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“Flyover country – Middle-America.” “The Middle Ground.” “Middle Management.”

It’s easy to look past those things that sit in, well, the middle. Splitting the difference between extremes inherently means mixing and blending, doing the unheralded work that ties everything together. And being that connection point is extraordinarily difficult work.

So it is in healthcare.

Nurse managers – the epitome of middle managers – handle everything from the daily grind of scheduling and supply management to the strategic work of connecting organizational imperatives to department-level operations and budget to the relational work of coach and cheerleader. The most successful nurse managers are those who build meaningful relationships to get the most out of those around them. As we saw from our 2022 Nurse Engagement Survey, those relationships rank near the top of the list in terms of what nurses need to feel fulfilled in their jobs.

The challenge is that many nurse managers find themselves in the role, having transitioned from the bedside without any formal training, guidance or mentorship. Organizations haven’t traditionally spent the time and resources to learn what makes their best nurse managers be the best – and then use those lessons to create programs that help others reach their best.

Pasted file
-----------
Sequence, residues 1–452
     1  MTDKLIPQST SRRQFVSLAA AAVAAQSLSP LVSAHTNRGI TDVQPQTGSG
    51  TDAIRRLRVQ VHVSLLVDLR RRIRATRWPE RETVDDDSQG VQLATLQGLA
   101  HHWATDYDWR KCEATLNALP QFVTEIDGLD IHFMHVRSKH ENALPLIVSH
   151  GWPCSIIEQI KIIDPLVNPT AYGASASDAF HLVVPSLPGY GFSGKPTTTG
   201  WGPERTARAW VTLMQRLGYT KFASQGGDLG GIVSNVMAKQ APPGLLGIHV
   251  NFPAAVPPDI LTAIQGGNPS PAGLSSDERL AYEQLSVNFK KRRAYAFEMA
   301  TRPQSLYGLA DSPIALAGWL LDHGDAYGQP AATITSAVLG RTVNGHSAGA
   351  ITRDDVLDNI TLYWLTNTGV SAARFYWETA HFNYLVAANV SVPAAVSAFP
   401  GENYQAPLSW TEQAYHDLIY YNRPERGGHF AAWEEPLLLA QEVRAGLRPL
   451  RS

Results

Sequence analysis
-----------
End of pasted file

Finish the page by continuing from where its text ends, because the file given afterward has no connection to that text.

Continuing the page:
So, how can your organization change the habit of flying past those in the middle and engage in the vital work of developing one of your most valuable resources?

Consider the following:

  • Develop new leader training focused on transformational skills. Do your training programs go beyond hammering home procedural requirements to equipping new managers with coaching skills? If you want long-term retention – of your nurses and your nurse managers – those on-the-ground leaders need training to help them build a culture of respect, support and innovation that will in turn help nurses find purpose and flourish. Invest in a yearlong education program with regularly scheduled meetings and check-ins to understand pain points and make actionable progress.
  • Build succession planning for frontline leaders. Do your nurse managers have confidence in their professional future and their ability – and opportunities – to continue to grow and develop? Consider implementing a leadership mentoring program that will teach nurse managers what a future at the organization could look like and empower them to pursue those roles if they want. Give them transparency into their journey to director and the c-suite, and they’ll feel far more connected to your organization and their place in it.
  • Build a culture of communications. Are there department-specific communications tools and resources available to assist middle managers? Build these critical resources so nurse managers are – and feel – prepared to pass key organizational messages to their staff in a way that doesn’t come across as out of touch. Allow for open lines of communication with feedback mechanisms to stimulate trust and nurse-driven solutions.

There’s no silver bullet when it comes to engaging, supporting and retaining your nurse managers. But given their essential role in helping maintain the health of the largest segment of your workforce, an investment in these unsung heroes will pay dividends across your entire organization.

Need help?

Jarrard’s experienced team of healthcare experts are ready to help build a customized nurse engagement strategy and nurse leader communication and training program. Contact us using the form below or follow our thinking to get the most up-to-date information affecting the healthcare industry and your workforce.

Author: Courtney Tedesco

Image Credit: Shannon Threadgill